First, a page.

Did you know that you can find out whether a number is prime by multiplying all the integers before it, adding one, and then dividing by the number of interest? Me neither! it's like this:

a number p is prime if and only if: (1*2*3*...*(p-1) + 1) mod p = 0

So, if the product of all positive integers less than p is one short of dividing evenly by p, then p is prime. Otherwise, not prime.

As the book points out, this is not a practical way to determine primeness, because if p is 17, that product is fourteen digits long. However, there's a sneaky way to make this more practical.

This formula came out of the concept of arithmetic modulus p, which is a strange sort of arithmetic that considers only the numbers 0 through p-1. Any higher or lower numbers circle around. Any number above p-1 reduces to its remainder when divided by p. It's a bit like when a two-year old is counting: "One, two, three, four, one, two, three..."

Since this equation came out of arithmetic modulus p, we can use this property to shrink the product as we do the multiplication. While we multiply 1 times 2 times 3 times 4, etc, we can stop after each multiplication and mod p. That way the product never gets crazy high -- at most (p-1)*(p-1) -- because at each step it drops to something less than p.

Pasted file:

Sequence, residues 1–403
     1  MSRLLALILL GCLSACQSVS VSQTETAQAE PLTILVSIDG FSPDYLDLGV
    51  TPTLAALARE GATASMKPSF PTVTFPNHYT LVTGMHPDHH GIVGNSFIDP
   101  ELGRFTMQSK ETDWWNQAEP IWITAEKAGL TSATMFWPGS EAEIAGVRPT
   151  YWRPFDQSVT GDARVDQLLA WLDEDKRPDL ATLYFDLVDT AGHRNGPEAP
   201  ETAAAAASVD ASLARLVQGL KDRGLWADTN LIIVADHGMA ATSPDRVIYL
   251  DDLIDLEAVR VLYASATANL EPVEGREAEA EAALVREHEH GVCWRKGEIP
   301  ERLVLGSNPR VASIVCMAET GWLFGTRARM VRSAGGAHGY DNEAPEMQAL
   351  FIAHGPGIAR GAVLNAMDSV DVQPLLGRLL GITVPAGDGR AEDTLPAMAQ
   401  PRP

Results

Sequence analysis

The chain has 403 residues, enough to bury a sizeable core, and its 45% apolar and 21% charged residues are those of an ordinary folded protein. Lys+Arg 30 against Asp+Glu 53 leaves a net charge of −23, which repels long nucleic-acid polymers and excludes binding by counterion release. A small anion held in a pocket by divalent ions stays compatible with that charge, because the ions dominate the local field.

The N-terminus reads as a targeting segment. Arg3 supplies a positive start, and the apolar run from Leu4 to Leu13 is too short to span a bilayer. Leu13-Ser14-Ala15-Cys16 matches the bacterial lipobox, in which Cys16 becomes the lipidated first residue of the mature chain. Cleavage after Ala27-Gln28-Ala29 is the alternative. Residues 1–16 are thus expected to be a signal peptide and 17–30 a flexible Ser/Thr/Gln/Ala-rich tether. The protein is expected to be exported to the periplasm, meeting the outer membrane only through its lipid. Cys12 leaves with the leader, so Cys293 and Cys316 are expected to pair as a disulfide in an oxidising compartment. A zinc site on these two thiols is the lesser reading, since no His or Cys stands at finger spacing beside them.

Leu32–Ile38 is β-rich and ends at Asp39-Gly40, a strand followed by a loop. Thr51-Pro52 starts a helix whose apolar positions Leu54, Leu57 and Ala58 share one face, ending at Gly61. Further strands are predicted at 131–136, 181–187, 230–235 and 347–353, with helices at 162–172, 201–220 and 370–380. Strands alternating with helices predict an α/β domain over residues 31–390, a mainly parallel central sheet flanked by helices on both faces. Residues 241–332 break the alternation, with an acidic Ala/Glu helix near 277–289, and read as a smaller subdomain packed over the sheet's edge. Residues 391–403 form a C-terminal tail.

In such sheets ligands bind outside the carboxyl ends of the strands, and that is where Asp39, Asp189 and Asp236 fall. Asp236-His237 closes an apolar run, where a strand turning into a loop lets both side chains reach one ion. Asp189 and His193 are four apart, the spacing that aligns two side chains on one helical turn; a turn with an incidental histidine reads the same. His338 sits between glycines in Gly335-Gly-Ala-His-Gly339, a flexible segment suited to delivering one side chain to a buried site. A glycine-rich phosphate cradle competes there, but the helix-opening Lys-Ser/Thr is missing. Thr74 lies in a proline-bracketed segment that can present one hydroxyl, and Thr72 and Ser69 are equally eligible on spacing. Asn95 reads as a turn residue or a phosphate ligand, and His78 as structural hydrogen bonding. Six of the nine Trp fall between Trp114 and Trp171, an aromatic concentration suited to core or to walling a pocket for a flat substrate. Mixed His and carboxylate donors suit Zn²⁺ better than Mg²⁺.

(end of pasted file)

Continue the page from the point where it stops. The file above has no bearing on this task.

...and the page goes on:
To simplify this equation, we take out the "mod p" because in arithmetic modulus p, "mod p" is free. Also, 0 and p are the same number. (yes, that's weird.)

We can knock a few steps off this procedure:

1*2*...*(p-1) + 1 = 0 = p

1*2*...*(p-1) = p - 1

1*2*...*(p-2) = (p-1)/(p-1) = 1

1*2*3*...*(p-2) = 1

In Haskell, we can write this as: for a list of numbers from 1 to p-2, accumulate a product, modding the product by 17 at each step; see whether the end result is 1.

let isPrime p = foldl (\acc x -> acc * x `mod` p) 1 [2..(p-2)] == 1

This says start with 1, accumulate the product-then-mod, and see whether we come out with 1.

Let's check all the numbers up to 100 and see which ones are prime.

>filter isPrime [2..100]

[2,3,5,7,11,13,17,19,23,29,31,37,41,43,47,53,59,61,67,71,73,79,83,89,97]

That's pretty much instantaneous. Finding every prime between 2 and 10000 -- there are 1229 -- takes about thirty seconds on Swirlybob in GHCi. It was twenty seconds on Carolyn, my work laptop.

A future goal: use monads to time the operation precisely. I wonder whether implementing it as a recursive function and explicitly checking for 0 in the accumulator will be faster. (This happens early in the process for all non-primes except perfect squares.)

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